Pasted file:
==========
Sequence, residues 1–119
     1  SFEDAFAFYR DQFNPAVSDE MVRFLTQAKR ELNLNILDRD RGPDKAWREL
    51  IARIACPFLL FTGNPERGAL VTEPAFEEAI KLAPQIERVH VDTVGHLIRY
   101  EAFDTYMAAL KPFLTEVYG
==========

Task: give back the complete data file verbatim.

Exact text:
Sequence, residues 1–119
     1  SFEDAFAFYR DQFNPAVSDE MVRFLTQAKR ELNLNILDRD RGPDKAWREL
    51  IARIACPFLL FTGNPERGAL VTEPAFEEAI KLAPQIERVH VDTVGHLIRY
   101  EAFDTYMAAL KPFLTEVYG